Urgent Museum Notice

Dorothea Rockburne

A light-skinned older woman stands in the middle of an art studio. She has short, light colored hair and wears a long blue cardigan. Next to her is a table with paint bottles on it. Behind her are carts with paint brushes and art supplies, and a large abstract red and black painting on an easel.

Photo courtesy of the artist

Born in 1932

While bouts of pneumonia often confined her in early childhood, Rockburne soon became an avid attendant of weekend art classes at Montreal’s Ecole des Beaux-Arts. Her formal art training continued at Black Mountain College in North Carolina, where Rockburne found her work influenced by peers Robert Rauschenberg, Cy Twombly, and modern-dance pioneer Merce Cunningham.

In New York City, Rockburne participated in various dance classes and joined innovative performing artists Steve Paxton, Carolee Schneemann, and former classmate Rauschenberg in the Judson Dance Theater Collective. Rockburne’s first one-woman exhibition, held in New York in 1970, launched her career as a full-time visual artist.

Since then she has produced numerous series of largely monochromatic works known as painted structures, inspired by such diverse sources as the Golden Section, Italian Renaissance frescoes, and Mandelbrot’s ideas about fractals. Rockburne’s body of work is unified by her desire to reveal processes; her creations are neither drawings nor paintings nor sculptures, but reside amid these categories.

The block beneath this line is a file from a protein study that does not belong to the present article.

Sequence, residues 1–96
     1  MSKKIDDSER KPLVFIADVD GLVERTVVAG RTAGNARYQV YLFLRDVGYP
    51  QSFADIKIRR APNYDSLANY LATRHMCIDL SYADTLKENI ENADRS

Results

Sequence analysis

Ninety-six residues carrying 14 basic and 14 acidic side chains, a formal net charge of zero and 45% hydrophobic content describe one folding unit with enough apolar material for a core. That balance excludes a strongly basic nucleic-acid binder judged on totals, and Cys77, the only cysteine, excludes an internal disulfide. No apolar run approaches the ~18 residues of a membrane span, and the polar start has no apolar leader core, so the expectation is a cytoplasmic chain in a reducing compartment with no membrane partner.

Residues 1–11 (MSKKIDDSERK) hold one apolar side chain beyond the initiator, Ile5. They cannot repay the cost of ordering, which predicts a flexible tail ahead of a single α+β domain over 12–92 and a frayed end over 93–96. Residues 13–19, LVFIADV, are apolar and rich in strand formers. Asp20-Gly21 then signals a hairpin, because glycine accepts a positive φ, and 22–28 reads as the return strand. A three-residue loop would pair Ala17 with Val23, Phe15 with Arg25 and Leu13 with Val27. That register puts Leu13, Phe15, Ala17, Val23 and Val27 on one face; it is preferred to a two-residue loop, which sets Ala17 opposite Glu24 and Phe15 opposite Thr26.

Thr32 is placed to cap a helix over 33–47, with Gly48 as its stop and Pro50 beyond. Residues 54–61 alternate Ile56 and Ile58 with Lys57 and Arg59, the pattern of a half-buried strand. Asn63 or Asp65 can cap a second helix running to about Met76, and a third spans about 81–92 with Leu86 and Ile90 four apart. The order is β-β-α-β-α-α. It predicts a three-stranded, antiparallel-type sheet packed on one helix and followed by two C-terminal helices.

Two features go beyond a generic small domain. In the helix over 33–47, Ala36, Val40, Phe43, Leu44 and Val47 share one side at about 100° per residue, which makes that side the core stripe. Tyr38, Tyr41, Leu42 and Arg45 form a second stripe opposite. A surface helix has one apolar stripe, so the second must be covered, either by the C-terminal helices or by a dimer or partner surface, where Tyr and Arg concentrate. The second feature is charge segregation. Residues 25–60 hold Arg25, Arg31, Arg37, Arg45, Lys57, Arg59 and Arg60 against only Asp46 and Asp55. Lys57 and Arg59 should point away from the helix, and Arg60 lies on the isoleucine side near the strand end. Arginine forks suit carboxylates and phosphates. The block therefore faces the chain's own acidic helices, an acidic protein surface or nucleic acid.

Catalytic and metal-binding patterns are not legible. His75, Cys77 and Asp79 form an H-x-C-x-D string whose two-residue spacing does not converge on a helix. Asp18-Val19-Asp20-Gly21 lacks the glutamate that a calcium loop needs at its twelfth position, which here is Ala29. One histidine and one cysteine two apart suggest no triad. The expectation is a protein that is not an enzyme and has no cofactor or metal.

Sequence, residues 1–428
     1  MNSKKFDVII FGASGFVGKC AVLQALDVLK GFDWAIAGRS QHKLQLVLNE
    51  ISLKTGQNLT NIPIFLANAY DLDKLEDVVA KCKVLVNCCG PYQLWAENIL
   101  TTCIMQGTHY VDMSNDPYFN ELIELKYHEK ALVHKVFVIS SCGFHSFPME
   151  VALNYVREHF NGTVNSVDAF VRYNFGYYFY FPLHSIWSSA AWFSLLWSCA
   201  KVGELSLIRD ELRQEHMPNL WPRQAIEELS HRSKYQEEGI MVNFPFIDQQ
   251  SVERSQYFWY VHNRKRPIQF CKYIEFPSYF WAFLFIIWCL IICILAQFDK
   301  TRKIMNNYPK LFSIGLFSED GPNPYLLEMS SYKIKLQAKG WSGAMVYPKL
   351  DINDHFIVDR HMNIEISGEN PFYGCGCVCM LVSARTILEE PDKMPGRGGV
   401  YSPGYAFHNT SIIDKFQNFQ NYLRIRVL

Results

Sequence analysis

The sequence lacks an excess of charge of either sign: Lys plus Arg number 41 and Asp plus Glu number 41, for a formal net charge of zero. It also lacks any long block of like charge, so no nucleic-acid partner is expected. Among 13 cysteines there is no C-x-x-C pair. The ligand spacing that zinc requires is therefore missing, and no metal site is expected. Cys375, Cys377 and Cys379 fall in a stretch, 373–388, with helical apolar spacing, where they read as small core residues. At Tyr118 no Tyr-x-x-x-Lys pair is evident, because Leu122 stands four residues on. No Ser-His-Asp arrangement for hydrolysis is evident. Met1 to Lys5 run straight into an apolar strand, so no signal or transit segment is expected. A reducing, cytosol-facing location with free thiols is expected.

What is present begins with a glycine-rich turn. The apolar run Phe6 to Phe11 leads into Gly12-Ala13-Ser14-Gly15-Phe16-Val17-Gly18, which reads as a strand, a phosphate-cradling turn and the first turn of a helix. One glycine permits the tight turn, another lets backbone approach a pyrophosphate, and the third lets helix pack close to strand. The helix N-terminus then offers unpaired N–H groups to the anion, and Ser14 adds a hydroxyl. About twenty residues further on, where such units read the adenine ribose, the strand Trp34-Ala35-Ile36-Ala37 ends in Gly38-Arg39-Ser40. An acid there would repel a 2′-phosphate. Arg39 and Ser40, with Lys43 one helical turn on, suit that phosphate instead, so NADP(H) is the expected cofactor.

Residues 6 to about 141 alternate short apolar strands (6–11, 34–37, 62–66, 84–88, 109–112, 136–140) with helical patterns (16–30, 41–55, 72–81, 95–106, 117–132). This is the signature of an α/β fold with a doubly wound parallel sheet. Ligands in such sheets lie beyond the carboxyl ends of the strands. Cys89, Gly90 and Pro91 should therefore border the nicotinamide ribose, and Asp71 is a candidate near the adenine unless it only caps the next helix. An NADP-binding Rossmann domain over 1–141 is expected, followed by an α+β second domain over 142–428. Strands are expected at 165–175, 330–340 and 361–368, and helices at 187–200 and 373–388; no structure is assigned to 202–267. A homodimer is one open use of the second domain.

Rockburne has taught in New York, Maine, and Rome; won awards from the Guggenheim Foundation and the National Endowment for the Arts; and had important solo shows in Europe, Canada, and the United States, including a major 1989 retrospective at Brandeis University.

Artist Details

  • Name

    Dorothea Rockburne
  • Birth

    Verdun, Canada, 1932

Works by Dorothea Rockburne


Sheba is one of Dorothea Rockburne’s “Egyptian paintings,” a series of works evoking low reliefs through the interplay of light, shadow, surface, and plane.

As in most of the artist’s work, the title is simply a point of reference. Rather than a literal depiction of the historical Queen of Sheba, this work emphasizes the visual balance of related geometric forms and the...

Six folded white triangles resembling origami form a large geometric shape on a white background. Connected by a continuous line that bisects their center, the corners of each triangle touch and encourage the eye to move in a circular fashion.